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Paris’ twenty arrondissements are arranged in a spiral pattern much like a snail shell if one should look at it from an aerial perspective.  Near the center of the shell lies the fifth arrondissement, known as the Latin Quarter.  Here, you will find many of Paris’ places of interest and learning, such as the Panthéon, Jardin des Plantes, and the Sorbonne to name but a few.  It is also here that you will find the Centre Cultural Irelandis, formerly the Collège des Irlandais or the Irish College.

A physical representation of the long cultural history between Ireland and France, the Centre Culturel Irelandis occupies the four story eighteenth century building and grounds of the previous Collège des Irlandais.  It is L-shaped, with emblems of harps and shamrocks throughout, and has a large courtyard and lovely gardens.  It looks much the same on the outside as it did when it was a college, dating back to 1578.  The inside has changed since then and visitors are as likely to see Glen Hansard performing (as he did in 2011) as they are to see a painting of St. Patrick (there are several). The centre’s aim is primarily to showcase Irish culture through films, plays, concerts and exhibits to its French audience. It also acts as a hotel, university residence, and educational facility connected to the Irish embassy.

In 1578, the Collège des Irlandais was started a result of the Protestant Reformation and Tudor control of Ireland creating a need for ecclesiastical education in more Catholic tolerant countries.  It survived the French Revolution, and operated as a college until 1870, until war between France and Prussia caused it to close for a year. It was then converted in to housing for wounded French soldiers.  The same thing happened during World War I and World War II, after which the college did not reopen.

Following the closure after World War II, a large group of Polish priests who escaped death at the Dachau concentration camp were allowed to take over the property. They were fleeing religious persecution during the Cold War, similar to the initial reason the Irish College was founded.  Not only was it used as a Polish seminary, it also served as a Polish-language secondary school for the children of Polish migrant families. A Polish priest named Karol Wojtyla lived in the Irish College several times before he became Pope John Paul II in 1978.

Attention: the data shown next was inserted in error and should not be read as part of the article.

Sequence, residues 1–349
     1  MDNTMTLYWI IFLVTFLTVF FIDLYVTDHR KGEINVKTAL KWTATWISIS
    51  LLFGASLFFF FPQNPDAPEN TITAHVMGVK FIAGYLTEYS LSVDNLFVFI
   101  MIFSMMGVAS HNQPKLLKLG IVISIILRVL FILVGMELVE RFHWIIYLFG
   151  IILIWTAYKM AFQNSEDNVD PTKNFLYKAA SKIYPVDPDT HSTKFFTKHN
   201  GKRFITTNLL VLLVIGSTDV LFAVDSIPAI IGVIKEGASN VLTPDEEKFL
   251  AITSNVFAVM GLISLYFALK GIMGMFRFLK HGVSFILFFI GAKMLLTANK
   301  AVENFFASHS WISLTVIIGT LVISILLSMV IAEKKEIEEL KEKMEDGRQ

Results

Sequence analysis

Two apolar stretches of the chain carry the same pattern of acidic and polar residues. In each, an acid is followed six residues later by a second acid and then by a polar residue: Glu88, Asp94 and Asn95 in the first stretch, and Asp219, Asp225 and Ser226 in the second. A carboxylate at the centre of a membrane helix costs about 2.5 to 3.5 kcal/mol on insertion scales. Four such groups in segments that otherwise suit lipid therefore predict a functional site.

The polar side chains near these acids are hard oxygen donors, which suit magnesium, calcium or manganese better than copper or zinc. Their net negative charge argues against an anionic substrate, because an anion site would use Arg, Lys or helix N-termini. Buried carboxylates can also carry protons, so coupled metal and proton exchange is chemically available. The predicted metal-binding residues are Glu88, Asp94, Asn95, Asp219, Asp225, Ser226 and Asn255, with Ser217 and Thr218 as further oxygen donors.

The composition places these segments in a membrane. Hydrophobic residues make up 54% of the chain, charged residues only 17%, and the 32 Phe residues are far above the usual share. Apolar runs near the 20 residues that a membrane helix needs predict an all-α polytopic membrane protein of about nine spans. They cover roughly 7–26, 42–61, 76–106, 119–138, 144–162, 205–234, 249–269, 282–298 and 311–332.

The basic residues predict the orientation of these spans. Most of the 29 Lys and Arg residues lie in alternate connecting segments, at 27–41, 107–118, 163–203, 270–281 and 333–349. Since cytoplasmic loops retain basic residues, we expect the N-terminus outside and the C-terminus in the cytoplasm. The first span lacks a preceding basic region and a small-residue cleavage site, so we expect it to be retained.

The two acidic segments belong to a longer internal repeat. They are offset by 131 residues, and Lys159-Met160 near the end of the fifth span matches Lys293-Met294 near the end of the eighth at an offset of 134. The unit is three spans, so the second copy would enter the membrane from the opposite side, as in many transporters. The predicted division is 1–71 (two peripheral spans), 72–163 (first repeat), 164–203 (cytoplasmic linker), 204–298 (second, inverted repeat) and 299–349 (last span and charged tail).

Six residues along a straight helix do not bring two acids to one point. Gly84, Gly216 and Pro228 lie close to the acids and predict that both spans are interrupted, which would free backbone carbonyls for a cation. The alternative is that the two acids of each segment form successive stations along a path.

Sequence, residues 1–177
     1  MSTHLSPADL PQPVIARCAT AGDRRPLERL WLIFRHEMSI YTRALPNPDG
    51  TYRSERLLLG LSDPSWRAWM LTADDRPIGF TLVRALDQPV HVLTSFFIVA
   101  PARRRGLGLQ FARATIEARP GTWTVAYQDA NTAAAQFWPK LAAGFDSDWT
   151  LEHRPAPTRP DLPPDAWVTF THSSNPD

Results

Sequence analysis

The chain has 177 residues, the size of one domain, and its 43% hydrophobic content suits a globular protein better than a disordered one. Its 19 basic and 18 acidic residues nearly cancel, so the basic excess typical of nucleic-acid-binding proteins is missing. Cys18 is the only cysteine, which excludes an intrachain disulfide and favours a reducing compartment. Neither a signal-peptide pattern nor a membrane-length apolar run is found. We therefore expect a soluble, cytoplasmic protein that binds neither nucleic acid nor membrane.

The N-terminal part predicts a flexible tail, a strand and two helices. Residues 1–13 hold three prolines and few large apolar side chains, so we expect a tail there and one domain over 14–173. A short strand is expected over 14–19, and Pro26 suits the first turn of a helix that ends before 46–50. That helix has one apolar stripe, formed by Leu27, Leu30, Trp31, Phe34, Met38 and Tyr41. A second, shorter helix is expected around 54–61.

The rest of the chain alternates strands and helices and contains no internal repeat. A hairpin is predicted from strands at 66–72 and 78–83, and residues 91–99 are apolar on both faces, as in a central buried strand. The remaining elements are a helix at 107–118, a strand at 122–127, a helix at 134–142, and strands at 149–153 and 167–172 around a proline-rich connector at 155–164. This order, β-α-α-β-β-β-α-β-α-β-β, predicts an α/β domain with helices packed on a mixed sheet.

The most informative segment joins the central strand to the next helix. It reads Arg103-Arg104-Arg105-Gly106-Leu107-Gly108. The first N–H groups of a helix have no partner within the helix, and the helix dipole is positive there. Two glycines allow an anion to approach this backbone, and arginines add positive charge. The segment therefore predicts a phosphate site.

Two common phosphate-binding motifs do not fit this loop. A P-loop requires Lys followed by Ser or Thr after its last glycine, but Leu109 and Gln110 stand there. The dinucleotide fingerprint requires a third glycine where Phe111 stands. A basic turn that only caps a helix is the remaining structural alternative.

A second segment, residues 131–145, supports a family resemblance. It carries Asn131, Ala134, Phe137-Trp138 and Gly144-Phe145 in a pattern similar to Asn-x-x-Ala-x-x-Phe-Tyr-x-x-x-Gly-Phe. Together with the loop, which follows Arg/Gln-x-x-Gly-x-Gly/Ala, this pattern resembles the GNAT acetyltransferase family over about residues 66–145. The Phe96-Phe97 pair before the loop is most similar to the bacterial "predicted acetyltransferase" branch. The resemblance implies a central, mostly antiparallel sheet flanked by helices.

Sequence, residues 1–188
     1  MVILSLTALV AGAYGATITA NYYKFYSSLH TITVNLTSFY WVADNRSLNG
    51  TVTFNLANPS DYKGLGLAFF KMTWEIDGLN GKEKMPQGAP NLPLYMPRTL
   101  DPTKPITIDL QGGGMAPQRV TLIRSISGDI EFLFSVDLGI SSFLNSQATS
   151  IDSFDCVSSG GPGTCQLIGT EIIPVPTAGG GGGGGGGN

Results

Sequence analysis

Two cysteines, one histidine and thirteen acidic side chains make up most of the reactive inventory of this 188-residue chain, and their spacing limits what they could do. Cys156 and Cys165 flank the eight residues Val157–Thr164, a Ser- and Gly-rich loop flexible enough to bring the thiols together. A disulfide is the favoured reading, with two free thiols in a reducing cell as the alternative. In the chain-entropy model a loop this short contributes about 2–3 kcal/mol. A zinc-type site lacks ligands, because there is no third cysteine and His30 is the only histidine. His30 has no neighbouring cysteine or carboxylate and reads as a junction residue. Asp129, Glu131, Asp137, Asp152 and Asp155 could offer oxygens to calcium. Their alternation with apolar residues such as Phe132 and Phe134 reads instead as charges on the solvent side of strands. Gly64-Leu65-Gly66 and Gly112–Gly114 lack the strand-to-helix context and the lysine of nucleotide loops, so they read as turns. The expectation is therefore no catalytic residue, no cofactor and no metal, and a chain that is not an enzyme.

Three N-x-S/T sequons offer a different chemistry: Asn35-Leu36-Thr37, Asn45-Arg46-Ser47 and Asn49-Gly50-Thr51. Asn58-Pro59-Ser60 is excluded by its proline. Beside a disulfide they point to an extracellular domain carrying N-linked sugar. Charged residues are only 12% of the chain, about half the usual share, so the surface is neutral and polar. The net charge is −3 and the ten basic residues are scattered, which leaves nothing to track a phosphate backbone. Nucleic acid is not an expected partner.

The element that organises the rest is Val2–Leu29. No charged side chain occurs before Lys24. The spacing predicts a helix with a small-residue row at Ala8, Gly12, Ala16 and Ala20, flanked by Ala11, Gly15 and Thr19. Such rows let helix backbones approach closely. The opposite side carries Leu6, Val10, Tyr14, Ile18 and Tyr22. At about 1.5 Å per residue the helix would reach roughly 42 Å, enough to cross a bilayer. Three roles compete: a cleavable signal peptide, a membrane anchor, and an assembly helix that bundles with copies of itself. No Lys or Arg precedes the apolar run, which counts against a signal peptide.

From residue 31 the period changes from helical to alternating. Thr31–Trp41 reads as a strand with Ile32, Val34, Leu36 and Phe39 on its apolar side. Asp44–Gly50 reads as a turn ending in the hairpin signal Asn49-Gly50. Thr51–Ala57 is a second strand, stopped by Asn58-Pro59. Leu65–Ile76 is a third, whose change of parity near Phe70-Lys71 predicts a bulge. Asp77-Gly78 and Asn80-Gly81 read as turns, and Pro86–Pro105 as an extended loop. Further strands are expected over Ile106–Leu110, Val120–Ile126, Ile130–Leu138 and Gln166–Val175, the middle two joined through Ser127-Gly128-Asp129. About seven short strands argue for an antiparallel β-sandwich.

Dreams of turning it into an Irish cultural centre began around the late 1970’s, but did not see fruition until the Polish priests left unannounced in 1997. The Fondation Irlandaise, which owns the college and other properties in Paris resumed control, finding that the building had been several neglected to the point of being dangerous to occupy except in one remodeled wing.  

While the Foundation had some funds for repairs, they did not have enough to cover everything.  The chapel was redone courtesy of donations from the Friends of the Irish College, but most repairs were left unfinished. 

The Foundation approached the Irish government with a request for funding with little initial success. Yet when the Foundation began emphasizing the college’s use as a cultural rather than religious center with housing for lay students, this renewed focus combined with the growing “Celtic Tiger” economy lead to the Irish government approving seven million Euros towards its restoration in the spring of 2000. 

The Cultural Center opened on October 18, 2002.  The restoration turned the college into a part-residence, part-education center.  There were now forty-five subsidized rooms available for rent, intended for Irish people who are studying in Paris. There was also an artists-in-residence program, who receive not only lodging but also a small stipend.  One need not be Irish, but you do need to demonstrate a definite Irish element in your work to be considered for application.  Looking at a list of past recipients, there are three to five artists-in-residence at a time. 

In 2007, the library (which had been part of the 2000-02 renovation) was reopened, becoming the home of over 8,000 rare books and manuscripts.  The original documents housed in the old college had been lost during the French Revolution.  Many date between the fifteenth and eighteenth centuries and are theological, music or history themed. The library is intended for scholarship (with a research request) and has digitized fifty manuscripts so far as they develop their on-line archive.  They offer two fellowships to encourage scholars to use the library. The center now also offers certificates in Irish, and in Contemporary Irish History via a program from the NUI, Maynooth.

So, if you happen to be in Paris, you might want to stop by Ireland for a bit, too, and see what events are on at the Centre Cultural Irelandis. It could also be an excellent way to study abroad if you qualify.